Jim Larranaga and Katie Meier have each been at Miami for over a decade, the clear, recognizable faces of programs that always find a way to delight and surprise, and yes, establish the Hurricanes as a basketball school.
They have provided not only stability but also a clear identity for their respective teams born out of the same mindset and mentality: toughness, grit and relentless determination, no matter the odds.
While their teams' runs to the Elite Eight might feel improbable considering where they were seeded headed into the tournament (the men at No. 5, the women at No. 9), Larranaga and Meier have worked hard to earn this moment at a school that does not get nearly the same attention as others within the ACC.
Larranaga has been here before, of course, taking the men to the Elite Eight a season ago -- a first in program history. Now this year, Meier has led the women to their first Elite Eight in program history. That they are here together is worth celebrating and embracing, despite being some 900 miles apart at their respective tournament sites in Greenville, South Carolina, and Kansas City, Missouri.
The men's team watched the women beat Villanova on Friday to advance to the Elite Eight, hours before tipoff of their own game against Houston. Then the Miami women watched the men close out the top-seeded Cougars to join them in the next round.
"I think it's a really, really big deal," Meier said Saturday. "The two programs have a lot in common. We're very competitive, like a big brother/little sister or big sister/little brother, depending on who won that week. We get that way with each other, and I love it. Any opportunity you have to have somebody push you, whether you're on the training table next to somebody, one player next to the other player saying, 'Why did you miss that shot?' They're right there competing with each other in a very loving way. I think it's elevated both of our programs."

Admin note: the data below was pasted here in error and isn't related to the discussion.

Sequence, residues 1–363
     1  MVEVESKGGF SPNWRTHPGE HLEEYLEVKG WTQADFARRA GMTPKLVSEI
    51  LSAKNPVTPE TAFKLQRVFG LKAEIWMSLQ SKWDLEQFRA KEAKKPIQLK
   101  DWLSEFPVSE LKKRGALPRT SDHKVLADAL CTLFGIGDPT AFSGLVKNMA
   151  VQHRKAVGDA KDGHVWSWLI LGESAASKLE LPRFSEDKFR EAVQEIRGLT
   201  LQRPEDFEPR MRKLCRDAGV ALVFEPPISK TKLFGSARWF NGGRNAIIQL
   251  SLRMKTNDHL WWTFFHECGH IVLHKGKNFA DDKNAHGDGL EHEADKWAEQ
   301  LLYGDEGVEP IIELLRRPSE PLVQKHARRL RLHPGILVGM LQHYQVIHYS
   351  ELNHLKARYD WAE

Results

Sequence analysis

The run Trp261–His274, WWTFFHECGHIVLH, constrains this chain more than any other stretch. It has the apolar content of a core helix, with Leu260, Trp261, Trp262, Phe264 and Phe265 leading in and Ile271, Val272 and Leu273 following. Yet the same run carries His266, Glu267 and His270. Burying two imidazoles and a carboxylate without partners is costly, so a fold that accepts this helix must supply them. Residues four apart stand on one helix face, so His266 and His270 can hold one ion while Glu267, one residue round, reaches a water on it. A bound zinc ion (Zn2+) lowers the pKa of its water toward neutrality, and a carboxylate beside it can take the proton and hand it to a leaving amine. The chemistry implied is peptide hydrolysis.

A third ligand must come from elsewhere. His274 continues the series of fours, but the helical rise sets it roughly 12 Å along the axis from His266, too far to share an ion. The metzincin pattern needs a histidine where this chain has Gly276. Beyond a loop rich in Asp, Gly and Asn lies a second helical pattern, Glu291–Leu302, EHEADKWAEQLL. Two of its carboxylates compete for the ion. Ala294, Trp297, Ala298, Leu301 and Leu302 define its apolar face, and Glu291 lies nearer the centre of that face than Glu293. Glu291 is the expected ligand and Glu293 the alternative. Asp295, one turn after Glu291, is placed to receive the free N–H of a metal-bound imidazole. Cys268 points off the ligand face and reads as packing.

ACC commissioner Jim Phillips noted the way Miami has represented itself despite perhaps not having the tradition of some of the blue-blood brands like Duke and North Carolina that define the way ACC basketball is viewed. Miami has been in the ACC only since 2004, but it has done more than hold its own in waving the conference flag.
"The commitment the university has made to athletics has shown itself in a lot of ways," Phillips told ESPN.
"What has been tremendous for the conference is it's a statement that we have a variety of programs that maybe have had a long history in college basketball and maybe some that haven't had as much as others, but at any moment those programs can rise to the top and stay there."
"I've heard people describe schools as football schools, basketball schools, whatever. I don't look at it that way. Our football team has won five national championships. Our baseball team has won four. I think we've got a great athletic department and great leadership in the administration." Jim Larranaga, Miami men's coach
Indeed, both teams have become NCAA tournament mainstays. In her 18 years at Miami, Meier has made the NCAA tournament 10 times. In his 12 seasons, Larranaga has led Miami to the tournament six times -- including those two Elite Eights and two other Sweet 16 runs.